Chile - New Mexico Green
Although new to many people, these colorful beans date back to the ancient, cliff-dwelling Anasazi Indians. Slightly sweeter than pinto beans, they also tend to hold their shape better when cooked. If not available, substitute pinto beans in this recipe.
This is a special dish prepared for celebrations when guests are expected. If pine nuts aren't available, pistachio can be substituted. The Afghans use lamb tail fat to sauté the onions, but since this is not readily available, I suggest butter.
Three distinctive flavors combine and complement one another in these muffins--the saltiness of the bacon, the nutty flavor of the blue corn, and a subtle chile heat that is not immediately discernable. These muffins need not be served at breakfast only. They compliment almost any chile dish, barbecue, or Southwest meal. You can substitute yellow corn meal for the blue if blue cornmeal is unavailable.
This recipe comes from Dave DeWitt's book, The Southwest Table. The word "flauta" (flaow-tah) means "flute" in Spanish, an allusion to the rolled shape of the tortillas in this dish.
Blue Corn, native to the Southwest, gives these tamales a distinctive, nutty taste. Make them smaller than an entree tamale and serve as a side dish in place of a vegetable. This recipe is taken from Just North of the Border, by Dave DeWitt and Nancy Gerlach. Prima Publishing, 1992.
Credit for this tasty recipe goes to Mary Jane, who baked this banana bread on one of our visits to Albuquerque. While MJ used a chopped fresh habanero, I replaced it with a colorful mix of chopped candied peppers, making it almost look like a fruit cake.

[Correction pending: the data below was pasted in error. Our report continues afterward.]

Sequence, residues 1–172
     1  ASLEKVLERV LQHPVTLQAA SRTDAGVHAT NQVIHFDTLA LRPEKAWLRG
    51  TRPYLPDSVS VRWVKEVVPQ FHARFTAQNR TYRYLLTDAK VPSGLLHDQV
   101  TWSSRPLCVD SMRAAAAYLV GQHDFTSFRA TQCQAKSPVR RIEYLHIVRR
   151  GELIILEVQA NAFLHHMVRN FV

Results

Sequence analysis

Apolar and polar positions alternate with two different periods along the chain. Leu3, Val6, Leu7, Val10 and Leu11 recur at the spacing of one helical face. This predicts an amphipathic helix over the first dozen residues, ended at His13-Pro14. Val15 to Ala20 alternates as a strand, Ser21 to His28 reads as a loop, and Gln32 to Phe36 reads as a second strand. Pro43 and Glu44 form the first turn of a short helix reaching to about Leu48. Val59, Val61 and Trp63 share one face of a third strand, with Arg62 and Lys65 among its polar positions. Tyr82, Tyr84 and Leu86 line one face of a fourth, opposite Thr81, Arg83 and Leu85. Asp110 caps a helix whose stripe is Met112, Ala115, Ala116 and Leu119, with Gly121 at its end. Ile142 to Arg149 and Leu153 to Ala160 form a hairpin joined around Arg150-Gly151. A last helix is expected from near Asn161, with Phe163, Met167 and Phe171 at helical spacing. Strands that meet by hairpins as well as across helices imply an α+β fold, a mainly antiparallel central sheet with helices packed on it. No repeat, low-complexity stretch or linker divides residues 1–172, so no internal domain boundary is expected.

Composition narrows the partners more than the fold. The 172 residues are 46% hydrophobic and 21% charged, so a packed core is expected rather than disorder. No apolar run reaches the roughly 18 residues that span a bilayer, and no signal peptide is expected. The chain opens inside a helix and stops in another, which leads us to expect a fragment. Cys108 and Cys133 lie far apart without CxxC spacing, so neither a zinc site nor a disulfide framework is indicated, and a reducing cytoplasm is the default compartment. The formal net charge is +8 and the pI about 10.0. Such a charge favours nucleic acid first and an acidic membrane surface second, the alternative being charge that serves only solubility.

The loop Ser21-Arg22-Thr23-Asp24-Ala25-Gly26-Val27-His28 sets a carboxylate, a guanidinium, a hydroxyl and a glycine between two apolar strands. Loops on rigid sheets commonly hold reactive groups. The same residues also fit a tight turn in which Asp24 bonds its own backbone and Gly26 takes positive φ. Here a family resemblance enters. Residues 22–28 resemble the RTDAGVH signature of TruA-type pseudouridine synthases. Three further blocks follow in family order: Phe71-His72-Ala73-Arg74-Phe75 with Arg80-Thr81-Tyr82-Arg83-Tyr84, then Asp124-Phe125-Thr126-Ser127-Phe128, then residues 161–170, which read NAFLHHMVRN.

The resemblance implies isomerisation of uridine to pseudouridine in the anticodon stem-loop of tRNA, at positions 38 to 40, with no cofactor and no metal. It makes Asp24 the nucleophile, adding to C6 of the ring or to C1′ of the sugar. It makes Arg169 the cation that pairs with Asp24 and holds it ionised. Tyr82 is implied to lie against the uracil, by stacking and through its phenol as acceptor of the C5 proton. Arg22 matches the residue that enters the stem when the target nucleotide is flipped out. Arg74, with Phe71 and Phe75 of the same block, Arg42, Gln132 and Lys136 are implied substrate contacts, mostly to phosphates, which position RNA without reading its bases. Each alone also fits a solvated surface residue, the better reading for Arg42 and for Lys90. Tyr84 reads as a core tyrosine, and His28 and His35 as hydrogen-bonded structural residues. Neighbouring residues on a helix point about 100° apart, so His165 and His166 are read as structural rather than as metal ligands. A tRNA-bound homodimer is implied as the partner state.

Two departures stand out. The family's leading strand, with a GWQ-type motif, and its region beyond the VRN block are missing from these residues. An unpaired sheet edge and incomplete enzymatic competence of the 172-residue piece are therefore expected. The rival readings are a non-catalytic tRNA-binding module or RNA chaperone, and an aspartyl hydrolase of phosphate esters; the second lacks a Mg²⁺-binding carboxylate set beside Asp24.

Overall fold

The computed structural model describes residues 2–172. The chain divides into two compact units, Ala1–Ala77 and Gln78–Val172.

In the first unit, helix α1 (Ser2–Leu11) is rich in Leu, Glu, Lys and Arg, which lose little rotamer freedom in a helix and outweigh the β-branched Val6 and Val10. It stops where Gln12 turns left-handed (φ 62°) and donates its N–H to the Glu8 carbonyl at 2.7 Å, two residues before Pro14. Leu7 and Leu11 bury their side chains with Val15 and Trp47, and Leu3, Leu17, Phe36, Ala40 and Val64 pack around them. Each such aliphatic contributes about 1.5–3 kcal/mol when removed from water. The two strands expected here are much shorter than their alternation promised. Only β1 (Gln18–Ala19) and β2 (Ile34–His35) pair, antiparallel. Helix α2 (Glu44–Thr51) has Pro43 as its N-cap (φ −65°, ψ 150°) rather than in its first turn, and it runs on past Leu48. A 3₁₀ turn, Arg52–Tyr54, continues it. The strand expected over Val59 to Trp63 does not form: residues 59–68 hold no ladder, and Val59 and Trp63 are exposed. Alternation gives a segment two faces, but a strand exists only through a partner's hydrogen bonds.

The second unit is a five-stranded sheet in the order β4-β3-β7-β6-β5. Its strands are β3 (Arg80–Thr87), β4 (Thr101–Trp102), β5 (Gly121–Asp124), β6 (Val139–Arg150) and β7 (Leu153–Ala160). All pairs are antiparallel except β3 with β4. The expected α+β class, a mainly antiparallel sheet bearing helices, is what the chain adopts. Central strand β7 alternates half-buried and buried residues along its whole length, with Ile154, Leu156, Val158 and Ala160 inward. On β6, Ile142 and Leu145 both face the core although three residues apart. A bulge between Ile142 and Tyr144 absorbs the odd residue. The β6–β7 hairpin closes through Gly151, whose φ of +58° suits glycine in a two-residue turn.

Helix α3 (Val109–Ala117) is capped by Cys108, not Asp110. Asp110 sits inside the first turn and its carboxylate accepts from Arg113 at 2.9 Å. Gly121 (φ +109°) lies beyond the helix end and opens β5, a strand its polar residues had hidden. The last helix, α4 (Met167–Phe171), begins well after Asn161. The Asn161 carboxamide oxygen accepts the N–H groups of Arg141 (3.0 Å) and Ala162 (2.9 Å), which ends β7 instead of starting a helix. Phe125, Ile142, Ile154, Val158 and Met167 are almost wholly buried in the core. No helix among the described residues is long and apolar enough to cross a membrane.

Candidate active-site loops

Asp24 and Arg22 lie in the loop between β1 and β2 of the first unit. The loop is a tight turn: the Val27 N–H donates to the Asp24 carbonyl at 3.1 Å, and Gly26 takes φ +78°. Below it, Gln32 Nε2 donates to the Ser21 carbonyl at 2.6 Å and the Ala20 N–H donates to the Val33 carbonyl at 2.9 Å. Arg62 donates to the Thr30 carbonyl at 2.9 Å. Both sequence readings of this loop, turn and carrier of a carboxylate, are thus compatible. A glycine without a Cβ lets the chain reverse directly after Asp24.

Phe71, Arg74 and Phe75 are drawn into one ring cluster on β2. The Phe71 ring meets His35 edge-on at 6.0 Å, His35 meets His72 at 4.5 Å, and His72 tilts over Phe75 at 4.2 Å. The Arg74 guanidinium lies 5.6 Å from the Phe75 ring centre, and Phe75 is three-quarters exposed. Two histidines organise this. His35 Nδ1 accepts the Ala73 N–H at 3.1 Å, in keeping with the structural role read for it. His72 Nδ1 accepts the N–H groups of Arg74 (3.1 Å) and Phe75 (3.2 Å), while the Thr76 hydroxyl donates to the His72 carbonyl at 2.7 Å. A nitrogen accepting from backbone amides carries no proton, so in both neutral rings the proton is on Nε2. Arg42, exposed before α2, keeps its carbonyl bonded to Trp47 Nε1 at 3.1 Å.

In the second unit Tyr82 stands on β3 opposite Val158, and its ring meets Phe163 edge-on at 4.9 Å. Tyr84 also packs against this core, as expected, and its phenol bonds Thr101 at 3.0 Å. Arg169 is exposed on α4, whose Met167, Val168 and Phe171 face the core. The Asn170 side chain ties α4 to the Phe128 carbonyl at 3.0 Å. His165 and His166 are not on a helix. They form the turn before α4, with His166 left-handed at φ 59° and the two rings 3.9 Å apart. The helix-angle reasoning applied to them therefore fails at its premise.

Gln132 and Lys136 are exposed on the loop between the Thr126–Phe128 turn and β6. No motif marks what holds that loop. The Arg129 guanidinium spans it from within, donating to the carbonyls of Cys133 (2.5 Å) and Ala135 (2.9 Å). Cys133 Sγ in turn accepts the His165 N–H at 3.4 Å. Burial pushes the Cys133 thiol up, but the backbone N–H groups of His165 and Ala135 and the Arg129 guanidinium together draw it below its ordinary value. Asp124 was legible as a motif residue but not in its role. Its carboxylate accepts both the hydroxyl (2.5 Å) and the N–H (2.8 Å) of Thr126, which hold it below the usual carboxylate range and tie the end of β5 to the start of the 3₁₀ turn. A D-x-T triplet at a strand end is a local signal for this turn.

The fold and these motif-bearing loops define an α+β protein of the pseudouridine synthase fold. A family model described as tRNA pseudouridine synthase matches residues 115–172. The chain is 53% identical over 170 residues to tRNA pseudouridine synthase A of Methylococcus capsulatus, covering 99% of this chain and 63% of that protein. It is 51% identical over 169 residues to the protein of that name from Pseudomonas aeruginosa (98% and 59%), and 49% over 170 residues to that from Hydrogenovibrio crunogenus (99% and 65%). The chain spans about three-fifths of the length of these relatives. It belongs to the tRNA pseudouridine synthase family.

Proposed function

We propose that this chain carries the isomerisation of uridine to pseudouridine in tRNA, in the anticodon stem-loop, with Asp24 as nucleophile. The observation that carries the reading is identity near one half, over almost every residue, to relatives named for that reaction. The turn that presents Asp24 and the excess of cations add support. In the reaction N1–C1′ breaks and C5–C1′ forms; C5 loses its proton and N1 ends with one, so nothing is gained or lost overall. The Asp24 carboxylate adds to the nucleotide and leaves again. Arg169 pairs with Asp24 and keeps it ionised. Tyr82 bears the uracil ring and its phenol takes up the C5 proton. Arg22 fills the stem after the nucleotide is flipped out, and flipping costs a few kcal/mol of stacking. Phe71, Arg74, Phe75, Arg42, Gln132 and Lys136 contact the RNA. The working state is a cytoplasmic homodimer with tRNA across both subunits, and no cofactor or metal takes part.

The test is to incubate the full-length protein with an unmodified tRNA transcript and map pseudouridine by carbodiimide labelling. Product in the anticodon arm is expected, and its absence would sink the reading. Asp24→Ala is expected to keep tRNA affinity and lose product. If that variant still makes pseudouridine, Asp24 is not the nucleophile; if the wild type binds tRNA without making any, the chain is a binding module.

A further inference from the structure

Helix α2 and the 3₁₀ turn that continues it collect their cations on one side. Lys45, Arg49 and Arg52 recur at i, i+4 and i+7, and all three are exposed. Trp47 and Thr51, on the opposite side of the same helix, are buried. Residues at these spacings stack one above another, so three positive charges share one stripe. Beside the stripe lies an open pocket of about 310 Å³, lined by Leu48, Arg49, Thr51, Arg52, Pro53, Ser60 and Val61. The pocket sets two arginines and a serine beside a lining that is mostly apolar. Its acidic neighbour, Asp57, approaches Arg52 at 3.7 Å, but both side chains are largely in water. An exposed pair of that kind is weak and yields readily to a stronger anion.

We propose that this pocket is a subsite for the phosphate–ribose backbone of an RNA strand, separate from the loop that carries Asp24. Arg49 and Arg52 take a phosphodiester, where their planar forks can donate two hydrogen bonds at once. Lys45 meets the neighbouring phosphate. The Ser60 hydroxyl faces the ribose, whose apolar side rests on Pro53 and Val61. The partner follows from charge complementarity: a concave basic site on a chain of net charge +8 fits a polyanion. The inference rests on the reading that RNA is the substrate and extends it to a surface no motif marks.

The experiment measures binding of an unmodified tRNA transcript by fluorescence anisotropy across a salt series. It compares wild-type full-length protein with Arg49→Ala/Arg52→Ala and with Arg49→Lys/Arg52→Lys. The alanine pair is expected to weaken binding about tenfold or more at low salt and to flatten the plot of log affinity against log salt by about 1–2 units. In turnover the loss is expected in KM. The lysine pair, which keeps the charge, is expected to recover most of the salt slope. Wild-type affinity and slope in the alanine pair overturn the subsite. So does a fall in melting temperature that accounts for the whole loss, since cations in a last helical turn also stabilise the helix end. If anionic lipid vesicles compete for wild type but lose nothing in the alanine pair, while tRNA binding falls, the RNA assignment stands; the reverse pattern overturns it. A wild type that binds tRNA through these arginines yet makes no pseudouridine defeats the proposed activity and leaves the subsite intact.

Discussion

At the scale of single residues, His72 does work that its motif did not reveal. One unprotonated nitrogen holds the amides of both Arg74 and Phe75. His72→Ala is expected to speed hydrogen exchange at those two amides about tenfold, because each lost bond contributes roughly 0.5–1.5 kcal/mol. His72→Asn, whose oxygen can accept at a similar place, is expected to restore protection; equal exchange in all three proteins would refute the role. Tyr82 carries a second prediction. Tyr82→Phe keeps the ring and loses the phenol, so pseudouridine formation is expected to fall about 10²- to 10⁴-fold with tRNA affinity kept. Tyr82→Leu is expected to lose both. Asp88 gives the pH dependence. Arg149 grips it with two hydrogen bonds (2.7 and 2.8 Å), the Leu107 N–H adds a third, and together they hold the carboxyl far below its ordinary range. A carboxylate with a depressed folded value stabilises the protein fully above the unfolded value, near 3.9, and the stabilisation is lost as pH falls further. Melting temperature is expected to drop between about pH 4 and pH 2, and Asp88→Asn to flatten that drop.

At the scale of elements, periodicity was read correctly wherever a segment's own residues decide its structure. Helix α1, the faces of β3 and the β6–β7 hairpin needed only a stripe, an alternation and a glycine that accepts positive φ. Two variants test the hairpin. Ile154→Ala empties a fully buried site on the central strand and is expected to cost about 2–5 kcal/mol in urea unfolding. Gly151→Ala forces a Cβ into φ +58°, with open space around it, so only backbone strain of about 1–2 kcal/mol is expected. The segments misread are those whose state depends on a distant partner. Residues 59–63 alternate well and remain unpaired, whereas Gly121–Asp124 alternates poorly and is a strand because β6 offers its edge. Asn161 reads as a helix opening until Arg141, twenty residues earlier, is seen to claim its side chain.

Pizza for breakfast-why not? After all, Italians love cold pizza with hot cappuccino for breakfast. But rather than cold pepperoni, I&rquo;m proposing a hearty and hot breakfast pie. Use frozen prepared dough and hash browns for easy, quick assembly.
No project on chili con carne would be complete with out a recipe from a guy from Texas named Bubba. This wonderful recipe requires 3 hours cooking time and a bit of Texas magic!
For hundreds of years squash and corn have been the staples of the Pueblo Indians in northern New Mexico, and in this popular dish, they are combined with chile. The delicate flavor of the corn and squash with the bite of the chile is a combination that can act as a basis for other variations. Use different types of summer squash, add cheese such as cheddar, Monterey jack, or feta, and/or chicken to turn this recipe from a side dish into an entree.
This simple but tasty dish evolved from the need to preserve meat without refrigeration since chile acts as an antioxidant and prevents the meat from spoiling. It is a very common restaurant entree in New Mexico.
Note: This recipe requires advance preparation.